Jeeves in Bloom sees Bertie and Jeeves traveling to the country to visit Aunt Dahlia, with Bertie's childhood chum Gussie in tow. The purpose of the visit is twofold: to aid Aunt Dahlia in a little problem she's having with her magazine Milady's Boudoir, and to play matchmaker between Gussie and his crush Madeline, who is Uncle Tom's niece and also visiting. As Gussie is more comfortable around his beloved newts than people, the latter proves to be a challenge, and upon Jeeves' advice a bit of Cyrano's tactics are employed, although it doesn't go well. Dahlia convinces Bertie to help her steal the family diamonds out of Tom's safe to bail our her magazine, which doesn't go well either as Tom is very suspicious and tends to wander the grounds at night with a rifle. And then there's the matter of the temperamental chef who quits in a huff. Through it all Jeeves remains entirely nonplussed, the calm rational one in the midst of the storm of crazy. And of course, he saves the day so that all ends well.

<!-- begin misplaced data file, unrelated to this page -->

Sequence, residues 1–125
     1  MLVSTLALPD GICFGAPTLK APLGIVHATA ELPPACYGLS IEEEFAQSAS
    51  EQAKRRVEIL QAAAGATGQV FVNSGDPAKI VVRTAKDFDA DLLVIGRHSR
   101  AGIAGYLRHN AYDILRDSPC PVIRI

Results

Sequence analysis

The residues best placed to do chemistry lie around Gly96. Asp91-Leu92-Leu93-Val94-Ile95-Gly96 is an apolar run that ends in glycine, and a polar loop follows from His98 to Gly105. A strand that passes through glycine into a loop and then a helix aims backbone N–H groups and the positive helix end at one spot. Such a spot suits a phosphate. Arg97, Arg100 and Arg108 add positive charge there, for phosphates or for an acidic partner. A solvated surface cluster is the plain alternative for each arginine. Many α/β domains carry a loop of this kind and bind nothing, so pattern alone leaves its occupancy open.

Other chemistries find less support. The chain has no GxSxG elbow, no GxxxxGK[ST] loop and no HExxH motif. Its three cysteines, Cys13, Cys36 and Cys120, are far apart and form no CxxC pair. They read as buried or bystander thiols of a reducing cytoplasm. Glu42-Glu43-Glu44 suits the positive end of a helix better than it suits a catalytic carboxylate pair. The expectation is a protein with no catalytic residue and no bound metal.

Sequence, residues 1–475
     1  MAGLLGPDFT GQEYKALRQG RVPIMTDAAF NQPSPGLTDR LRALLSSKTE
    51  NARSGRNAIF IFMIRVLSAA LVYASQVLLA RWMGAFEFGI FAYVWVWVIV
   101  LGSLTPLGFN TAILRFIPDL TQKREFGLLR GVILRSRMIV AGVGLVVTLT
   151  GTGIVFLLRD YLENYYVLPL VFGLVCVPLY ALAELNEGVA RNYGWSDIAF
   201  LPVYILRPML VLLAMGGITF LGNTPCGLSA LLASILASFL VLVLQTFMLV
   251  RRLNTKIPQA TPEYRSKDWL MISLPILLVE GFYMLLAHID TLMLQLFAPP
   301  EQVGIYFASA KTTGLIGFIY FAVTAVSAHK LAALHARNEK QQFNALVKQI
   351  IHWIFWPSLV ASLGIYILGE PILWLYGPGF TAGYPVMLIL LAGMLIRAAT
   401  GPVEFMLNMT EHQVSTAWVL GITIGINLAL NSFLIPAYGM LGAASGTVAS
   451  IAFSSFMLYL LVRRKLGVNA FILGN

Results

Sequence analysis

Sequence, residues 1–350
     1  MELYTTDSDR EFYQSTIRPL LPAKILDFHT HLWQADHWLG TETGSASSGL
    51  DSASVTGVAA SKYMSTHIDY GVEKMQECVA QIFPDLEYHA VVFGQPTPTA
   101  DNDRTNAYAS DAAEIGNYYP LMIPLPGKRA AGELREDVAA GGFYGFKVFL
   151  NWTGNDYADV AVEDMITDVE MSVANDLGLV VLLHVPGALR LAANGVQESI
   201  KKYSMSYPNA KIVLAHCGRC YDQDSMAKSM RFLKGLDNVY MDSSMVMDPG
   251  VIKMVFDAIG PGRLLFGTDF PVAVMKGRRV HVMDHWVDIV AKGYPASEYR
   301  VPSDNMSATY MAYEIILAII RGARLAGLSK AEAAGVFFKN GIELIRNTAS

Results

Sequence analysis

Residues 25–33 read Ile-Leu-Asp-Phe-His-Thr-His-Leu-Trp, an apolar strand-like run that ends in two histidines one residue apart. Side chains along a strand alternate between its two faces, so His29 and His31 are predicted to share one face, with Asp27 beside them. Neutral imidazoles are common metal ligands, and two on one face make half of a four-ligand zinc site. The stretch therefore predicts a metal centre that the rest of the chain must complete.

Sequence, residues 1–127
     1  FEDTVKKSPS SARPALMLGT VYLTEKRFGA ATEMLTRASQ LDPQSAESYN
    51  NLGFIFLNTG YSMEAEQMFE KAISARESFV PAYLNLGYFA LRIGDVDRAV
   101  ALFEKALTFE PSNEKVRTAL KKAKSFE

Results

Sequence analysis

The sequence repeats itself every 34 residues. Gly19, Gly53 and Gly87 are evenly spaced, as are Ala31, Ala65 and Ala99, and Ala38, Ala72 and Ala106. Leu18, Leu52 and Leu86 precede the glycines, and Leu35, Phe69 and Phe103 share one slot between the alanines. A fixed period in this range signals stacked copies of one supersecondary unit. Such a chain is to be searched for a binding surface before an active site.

|John Adler as Jeeves|
(photo courtesy of Theatre in the Round)
Set in the early 1930s, the cast is dressed in lovely period costumes, and of course they dress for dinner. I was particularly enamored of all of Madeline's dresses. The in-the-round stage has been transformed into a charming English garden with flowers, statues, and delicate table and chairs on a brick floor. And because this is Theatre in the Round, you get to walk through the garden on your way to your set. Just don't touch! (Set and costume design by John A. Woskoff.)
You can catch Jeeves in Bloom at Theatre in the Round in the West Bank neighborhood of Minneapolis through July 29, and watch for Jeeves Takes a Bow next summer. I will certainly be back for more of this charming, wacky, and very British comedy.